Thursday, July 28, 2022

Gráinne Ní Aodha, PA

Third-level students who had financial concerns, a pre-existing illness or higher levels of psychological distress reported higher levels of stress related to the Covid-19 pandemic, a study has found.

The study, carried out by the School of Psychology at Trinity College Dublin, aimed to assess levels of coronavirus-related stress among Irish students in the context of very little being known about the long-term effects of the pandemic on young people.

An online survey was completed by 321 college students in Ireland, primarily from higher education institutions.

Of these, 176 were aged between 18-21 and 145 were 22–25, with 78.8 per cent female and 18.1 per cent male.

Approximately 38 pdf cent reported that they have an ongoing illness, and of those around 54 per cent suffer with mental health-related issues.

The sample of students answered various questionnaires online to assess their levels of psychological distress.

In the 10-item Clinical Outcomes in Routine Evaluation tool, participants rated each item on a five-point scale ranging from zero (not at all) to four (most or all the time). The sample of students established a mean of 18.25 which indicates that, on average, students displayed “moderate” levels of psychological distress.

In tracking the results, the study found that Covid-related stress was found to be “positively and significantly associated” with having monetary concerns, a chronic illness or being psychologically distressed.

The study noted: “Students’ gender, having sufficient money at their disposal or not, having a chronic illness or not, and level of psychological distress were found to be significant predictors of Covid-19 stress, so that those who had monetary and financial concerns, had a pre-existing illness, and higher levels of psychological distress reported higher levels of stress related to the pandemic.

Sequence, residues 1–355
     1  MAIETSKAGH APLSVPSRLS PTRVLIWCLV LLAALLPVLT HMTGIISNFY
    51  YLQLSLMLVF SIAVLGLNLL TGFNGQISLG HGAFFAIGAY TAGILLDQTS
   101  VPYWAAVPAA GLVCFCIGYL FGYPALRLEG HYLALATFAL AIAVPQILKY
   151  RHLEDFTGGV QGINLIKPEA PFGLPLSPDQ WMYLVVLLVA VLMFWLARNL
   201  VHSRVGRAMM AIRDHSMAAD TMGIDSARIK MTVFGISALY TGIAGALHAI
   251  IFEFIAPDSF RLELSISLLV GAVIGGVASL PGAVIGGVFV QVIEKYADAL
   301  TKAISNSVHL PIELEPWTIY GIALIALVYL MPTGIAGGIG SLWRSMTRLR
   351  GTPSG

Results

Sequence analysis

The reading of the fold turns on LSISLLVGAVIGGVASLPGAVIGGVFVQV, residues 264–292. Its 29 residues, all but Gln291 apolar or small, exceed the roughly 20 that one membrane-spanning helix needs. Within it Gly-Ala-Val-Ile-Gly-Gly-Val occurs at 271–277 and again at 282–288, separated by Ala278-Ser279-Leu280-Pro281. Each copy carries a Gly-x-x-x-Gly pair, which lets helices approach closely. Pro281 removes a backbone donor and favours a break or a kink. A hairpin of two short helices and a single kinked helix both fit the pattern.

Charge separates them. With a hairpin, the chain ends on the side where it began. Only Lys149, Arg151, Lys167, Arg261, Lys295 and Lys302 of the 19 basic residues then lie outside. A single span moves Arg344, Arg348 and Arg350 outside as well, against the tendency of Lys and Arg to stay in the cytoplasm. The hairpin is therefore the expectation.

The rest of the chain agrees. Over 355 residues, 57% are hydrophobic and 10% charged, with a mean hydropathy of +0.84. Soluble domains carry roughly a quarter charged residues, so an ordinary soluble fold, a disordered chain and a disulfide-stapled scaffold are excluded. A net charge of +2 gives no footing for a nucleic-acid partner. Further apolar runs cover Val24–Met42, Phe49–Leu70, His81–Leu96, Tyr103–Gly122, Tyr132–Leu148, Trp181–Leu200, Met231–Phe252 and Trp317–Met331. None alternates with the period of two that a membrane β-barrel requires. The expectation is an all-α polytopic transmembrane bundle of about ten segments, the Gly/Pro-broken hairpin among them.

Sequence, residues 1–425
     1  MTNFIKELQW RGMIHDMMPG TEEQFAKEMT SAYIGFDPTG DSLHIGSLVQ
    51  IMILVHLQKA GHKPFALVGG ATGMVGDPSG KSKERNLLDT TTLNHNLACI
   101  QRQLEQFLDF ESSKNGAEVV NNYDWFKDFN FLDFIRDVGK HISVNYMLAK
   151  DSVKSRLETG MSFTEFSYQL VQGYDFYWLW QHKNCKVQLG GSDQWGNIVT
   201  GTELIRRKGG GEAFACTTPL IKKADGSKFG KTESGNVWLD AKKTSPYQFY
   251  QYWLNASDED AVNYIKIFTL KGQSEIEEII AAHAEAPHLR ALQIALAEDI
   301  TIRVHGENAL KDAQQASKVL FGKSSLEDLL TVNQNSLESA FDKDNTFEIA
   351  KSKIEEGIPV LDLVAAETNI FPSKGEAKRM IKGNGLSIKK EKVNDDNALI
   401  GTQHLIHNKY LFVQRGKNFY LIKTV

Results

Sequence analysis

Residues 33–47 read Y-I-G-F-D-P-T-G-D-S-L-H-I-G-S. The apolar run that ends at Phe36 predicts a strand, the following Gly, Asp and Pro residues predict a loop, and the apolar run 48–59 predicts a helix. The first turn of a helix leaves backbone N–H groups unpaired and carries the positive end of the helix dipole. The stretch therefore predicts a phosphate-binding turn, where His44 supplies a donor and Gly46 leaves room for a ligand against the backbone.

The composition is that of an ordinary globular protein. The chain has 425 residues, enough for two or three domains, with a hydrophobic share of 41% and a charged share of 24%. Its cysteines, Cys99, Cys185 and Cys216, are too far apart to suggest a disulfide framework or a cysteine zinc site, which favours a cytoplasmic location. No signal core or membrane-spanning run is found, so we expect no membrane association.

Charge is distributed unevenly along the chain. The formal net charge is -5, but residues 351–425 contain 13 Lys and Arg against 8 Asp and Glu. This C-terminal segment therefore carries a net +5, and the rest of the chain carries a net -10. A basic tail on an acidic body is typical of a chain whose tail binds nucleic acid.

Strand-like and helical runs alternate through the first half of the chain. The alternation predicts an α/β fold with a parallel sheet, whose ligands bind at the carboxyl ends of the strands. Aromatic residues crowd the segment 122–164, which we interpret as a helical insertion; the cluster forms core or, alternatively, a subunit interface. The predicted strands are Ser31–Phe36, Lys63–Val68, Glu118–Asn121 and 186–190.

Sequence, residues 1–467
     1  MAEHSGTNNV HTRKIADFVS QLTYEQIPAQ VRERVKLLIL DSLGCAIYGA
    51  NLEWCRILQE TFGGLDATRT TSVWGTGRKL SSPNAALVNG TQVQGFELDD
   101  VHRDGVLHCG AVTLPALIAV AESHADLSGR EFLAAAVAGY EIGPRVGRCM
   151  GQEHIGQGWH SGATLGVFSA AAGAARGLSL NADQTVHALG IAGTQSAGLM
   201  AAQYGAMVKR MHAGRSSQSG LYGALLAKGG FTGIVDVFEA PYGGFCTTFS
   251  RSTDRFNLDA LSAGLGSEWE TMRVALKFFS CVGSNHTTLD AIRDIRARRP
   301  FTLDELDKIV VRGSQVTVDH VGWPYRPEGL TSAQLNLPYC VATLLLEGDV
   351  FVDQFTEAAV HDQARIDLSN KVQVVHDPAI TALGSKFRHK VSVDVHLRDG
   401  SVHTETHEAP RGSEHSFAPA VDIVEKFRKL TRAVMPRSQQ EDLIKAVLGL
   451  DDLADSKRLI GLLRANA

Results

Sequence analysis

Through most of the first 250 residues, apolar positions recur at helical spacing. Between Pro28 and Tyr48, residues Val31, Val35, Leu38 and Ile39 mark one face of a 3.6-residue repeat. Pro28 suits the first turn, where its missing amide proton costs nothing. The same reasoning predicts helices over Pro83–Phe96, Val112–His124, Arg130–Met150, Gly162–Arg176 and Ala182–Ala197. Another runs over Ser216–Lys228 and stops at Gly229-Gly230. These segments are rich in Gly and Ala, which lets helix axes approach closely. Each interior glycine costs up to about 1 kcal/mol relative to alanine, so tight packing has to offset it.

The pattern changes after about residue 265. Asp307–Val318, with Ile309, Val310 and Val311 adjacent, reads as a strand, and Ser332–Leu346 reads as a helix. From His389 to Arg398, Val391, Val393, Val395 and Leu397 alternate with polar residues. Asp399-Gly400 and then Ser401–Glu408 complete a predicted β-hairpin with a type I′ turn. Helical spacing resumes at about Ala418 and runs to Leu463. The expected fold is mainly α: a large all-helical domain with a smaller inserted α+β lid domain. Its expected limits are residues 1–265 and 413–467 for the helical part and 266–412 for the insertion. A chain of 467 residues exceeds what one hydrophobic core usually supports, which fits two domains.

“We also found individuals who identified as female reported higher levels of stress related to the pandemic.”

The study found that some assessments used, such as adverse childhood experiences (ACEs) and stress resilience scores, were not strongly linked as predictors of high Covid-related stress.

“It could be that Covid-19 stress, representing specific pandemic-related stressors such as isolation experienced as a result of stay-at-home mandates and social distancing measures, is a unique experience that operates differently to other forms of psychological stress that are more typically associated with ACEs and resilience,” the study said.

“It is also possible that Covid-19 stress is related more to other protective factors, beyond resilience, that were not included in this study.”

The study noted that identifying students who may be particularly vulnerable to the stresses of Covid-19 could assist in providing mental health services for those who need it most.

According to the authors, online remote activities and services could be implemented by third-level institutions to provide support to students that help address concerns related to the pandemic.

 

PhD candidate Madhav Bhargav said: “Our study suggests that the prevalence of mental health concerns among college students has been significant during the pandemic. This stress can increase disparities between and within population groups such as those with low income or those with ongoing mental and physical health issues.

“These mental health problems may continue to linger as the pandemic’s impact progresses and other stressors (such as economic crisis) emerge.

“While education institutions should aim to develop teaching pedagogies and support-service provision that are accessible and inclusive for all students, specific student groups may be in particular need at this time.

“This should be considered by universities when planning and delivering mental health services now and in the months ahead in order to extenuate some of the negative effects experienced.”

The paper, Risk Factors For Covid-19-related Stress Among College-going Students, has been published online in the Irish Journal of Psychological Medicine.

The data was collected between February and March 2021, when Ireland was under Covid-19 restrictions and all universities were closed for in-person teaching.

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